Things are ok for my family right now. Hopefully they’ll stay that way. I wanted to record a few little snapshots of reality for my future self to look back on (internet and electricity willing). With any luck, I’ll look back on this in a couple of weeks after some miracle cure has fixed everything and realize I was being silly to worry at all, to want to record the state of things. But just in case things do get bad, and as a point of reference if they get bad and then better, here are some observations about my world right now.

Gas is around $2 per gallon right now, maybe a few cents north of that.

I have reliable internet, electricity, and gas, and my heat and air work reliably. Our water runs clear, and our hot water heater works well. Our toilets flush our waste away. We have soap and shampoo and are able to shower daily.

Yesterday was the first day of Spring, and in the morning, I hear loads of birds singing. It has rained most days over the last few weeks (it’s raining now, and thundering now and again), and I’m a little tired of it, but I feel like it’s probably preferable to drought right now, depending on what’s to come.

Knoxville didn’t seem to’ve had much urgency about COVID-19 until maybe today. I went (a little reluctantly) for takeout last night from my son’s favorite restaurant for his birthday, and many of the restaurants I passed had lots of cars in their lots and people dining in, though the general advice world-wide for a couple of weeks now has been that we should minimize such congregating to minimize spread of the virus. Today, the Knoxville mayor issued an order at last to shut down dine-in service for restaurants and bars.

I worry a lot about small businesses, little breweries, game stores, my local donut shop. I worry about the people who work in these places, often people who are making below minimum wage and relying on tips. I worry that my charming little local bookstore will shut down. I’m afraid though to go patronize any of these places, as I don’t want to spread any germs I may have or pick up germs from anybody else. I worry that in the coming weeks and months, so many places will shut down and that so many lives of people living close to the bone will become even more desperate. I’m tipping well when I have occasion, and I keep trying to think of cockamamie ideas I might suggest to small business owners I know, to help them through this time, though it’s really a little silly of me, if well-intended.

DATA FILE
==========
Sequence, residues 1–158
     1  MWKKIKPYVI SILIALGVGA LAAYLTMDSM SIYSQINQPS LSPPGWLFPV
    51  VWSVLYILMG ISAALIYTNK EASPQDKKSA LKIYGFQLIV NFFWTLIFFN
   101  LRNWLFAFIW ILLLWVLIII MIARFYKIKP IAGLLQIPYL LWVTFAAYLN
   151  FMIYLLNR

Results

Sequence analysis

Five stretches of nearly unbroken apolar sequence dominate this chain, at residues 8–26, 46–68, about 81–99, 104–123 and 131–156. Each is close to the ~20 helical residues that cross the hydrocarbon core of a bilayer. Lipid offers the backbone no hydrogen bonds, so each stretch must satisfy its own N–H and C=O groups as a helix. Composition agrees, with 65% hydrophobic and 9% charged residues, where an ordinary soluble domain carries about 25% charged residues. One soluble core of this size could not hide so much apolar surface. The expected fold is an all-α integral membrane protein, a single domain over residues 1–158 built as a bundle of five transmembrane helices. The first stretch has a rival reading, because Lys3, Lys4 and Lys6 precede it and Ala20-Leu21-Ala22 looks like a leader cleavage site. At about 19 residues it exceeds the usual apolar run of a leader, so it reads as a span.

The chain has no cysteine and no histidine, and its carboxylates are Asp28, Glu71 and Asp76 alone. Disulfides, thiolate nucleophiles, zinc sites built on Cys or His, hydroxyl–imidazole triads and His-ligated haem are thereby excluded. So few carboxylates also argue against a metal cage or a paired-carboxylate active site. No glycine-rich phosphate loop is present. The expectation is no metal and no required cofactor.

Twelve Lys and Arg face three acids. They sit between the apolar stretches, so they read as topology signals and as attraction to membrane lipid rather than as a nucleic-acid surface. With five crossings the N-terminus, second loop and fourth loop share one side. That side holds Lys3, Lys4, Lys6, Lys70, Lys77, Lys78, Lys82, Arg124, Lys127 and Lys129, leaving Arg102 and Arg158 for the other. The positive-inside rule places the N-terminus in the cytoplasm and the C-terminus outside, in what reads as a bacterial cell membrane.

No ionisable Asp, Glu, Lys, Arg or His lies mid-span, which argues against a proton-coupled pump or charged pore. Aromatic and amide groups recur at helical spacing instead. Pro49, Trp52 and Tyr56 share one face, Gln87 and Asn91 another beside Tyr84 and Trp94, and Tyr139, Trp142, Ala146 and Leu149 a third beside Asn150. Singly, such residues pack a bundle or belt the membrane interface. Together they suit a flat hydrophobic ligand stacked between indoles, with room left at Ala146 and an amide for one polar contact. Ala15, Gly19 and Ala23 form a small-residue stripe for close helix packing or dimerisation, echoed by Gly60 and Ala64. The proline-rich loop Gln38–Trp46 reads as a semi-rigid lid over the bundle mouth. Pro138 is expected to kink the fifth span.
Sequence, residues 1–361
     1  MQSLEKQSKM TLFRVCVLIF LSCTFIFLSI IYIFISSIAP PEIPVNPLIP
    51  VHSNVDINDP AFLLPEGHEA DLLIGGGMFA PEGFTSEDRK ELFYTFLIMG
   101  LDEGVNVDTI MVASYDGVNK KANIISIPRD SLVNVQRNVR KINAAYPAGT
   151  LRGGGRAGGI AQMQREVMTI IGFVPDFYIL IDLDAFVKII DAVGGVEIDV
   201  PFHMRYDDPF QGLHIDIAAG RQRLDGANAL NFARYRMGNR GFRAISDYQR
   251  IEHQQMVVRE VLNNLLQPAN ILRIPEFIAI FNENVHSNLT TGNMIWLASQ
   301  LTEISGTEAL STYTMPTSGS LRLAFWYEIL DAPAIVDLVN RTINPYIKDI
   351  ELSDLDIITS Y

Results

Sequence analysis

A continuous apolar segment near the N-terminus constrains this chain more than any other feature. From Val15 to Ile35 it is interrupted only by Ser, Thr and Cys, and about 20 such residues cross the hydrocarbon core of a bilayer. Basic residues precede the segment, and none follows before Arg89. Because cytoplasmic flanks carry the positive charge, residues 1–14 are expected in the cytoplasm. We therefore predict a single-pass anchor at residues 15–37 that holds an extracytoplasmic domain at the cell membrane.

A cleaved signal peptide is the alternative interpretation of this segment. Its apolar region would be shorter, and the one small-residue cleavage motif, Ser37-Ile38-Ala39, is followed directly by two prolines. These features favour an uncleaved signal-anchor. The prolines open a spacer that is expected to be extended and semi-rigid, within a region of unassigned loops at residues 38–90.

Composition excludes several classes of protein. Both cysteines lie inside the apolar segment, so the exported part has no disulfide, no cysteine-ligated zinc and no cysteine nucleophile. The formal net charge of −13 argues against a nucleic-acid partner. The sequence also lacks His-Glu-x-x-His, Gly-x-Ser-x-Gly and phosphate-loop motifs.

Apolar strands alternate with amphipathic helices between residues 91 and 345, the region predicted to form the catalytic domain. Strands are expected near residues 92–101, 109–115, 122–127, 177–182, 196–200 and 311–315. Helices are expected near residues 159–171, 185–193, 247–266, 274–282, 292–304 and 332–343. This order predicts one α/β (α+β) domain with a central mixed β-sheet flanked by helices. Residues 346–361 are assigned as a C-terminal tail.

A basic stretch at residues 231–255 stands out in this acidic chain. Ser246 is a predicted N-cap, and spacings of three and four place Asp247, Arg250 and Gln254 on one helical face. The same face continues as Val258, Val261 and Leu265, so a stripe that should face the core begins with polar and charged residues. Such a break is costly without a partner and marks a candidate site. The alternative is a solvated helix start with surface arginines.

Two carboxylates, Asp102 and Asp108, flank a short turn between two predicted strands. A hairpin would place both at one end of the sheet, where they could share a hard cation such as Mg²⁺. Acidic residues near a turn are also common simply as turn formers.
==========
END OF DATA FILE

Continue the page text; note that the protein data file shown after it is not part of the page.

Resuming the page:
Grocery stores do still have food, but selection isn’t what it was a month ago. I wonder if we’ll go out one day to find the stores broken into and looted by people with no other realistic choice. I realize this sounds a little dramatic and that I may look back soon and chuckle at my naivete (I really hope I do).

The government is appalling. Partisanship aside, it seems very clear to me that those who are supposed to protect the interests of the citizenry are aggressively failing to do so.

It’s hard to know what to believe about the world. This isn’t brand new, but it seems worse to me over the last year or two.

This week was Spring break, so the kids were going to be home from school anyway, but school is as of now on hold until April 6. Some teachers are trying to gather material students can work on online. Universities have moved to an online format in a hurry. I’m very skeptical that school will resume for this school year, and I’m a little paralyzed about what to do about it. Should I figure out how to homeschool? That feels like a big responsibility. My kids are bright; should I just figure they’ll be ok and can just pick things back up whenever school resumes?

I do not fear for the physical safety of my family. We have shelter, transportation, and food for the reasonable short-term.

My family is healthy on the whole. There’ve been some cold symptoms in the house, but nothing symptomatic of COVID-19, no fevers, no respiratory distress. My daughter has asthma, so I worry about what may come, but for now, we have medicine and she’s fine. We’re all fine. We eat too much junk food, I’ll grant.

Life is 99% normal for me, with no significant changes from our routines over the last few years other than the dismissal of school. We read, play games, talk, listen to music, do laundry, make messes, vacuum, feed the pets, quarrel from time to time, and everything else that’s been usual for us of late.

I’ve worked from home for years and continue to be able to do so. I’m able to keep in contact with people via the internet and my phone, though being not especially social on the whole, I don’t do so as frequently as I probably ought to.

There’s plenty more to say, but this is a snapshot and not a photo album, so I’ll stop there, as this is feeling a little tedious and maybe silly already.

Bookshelves #20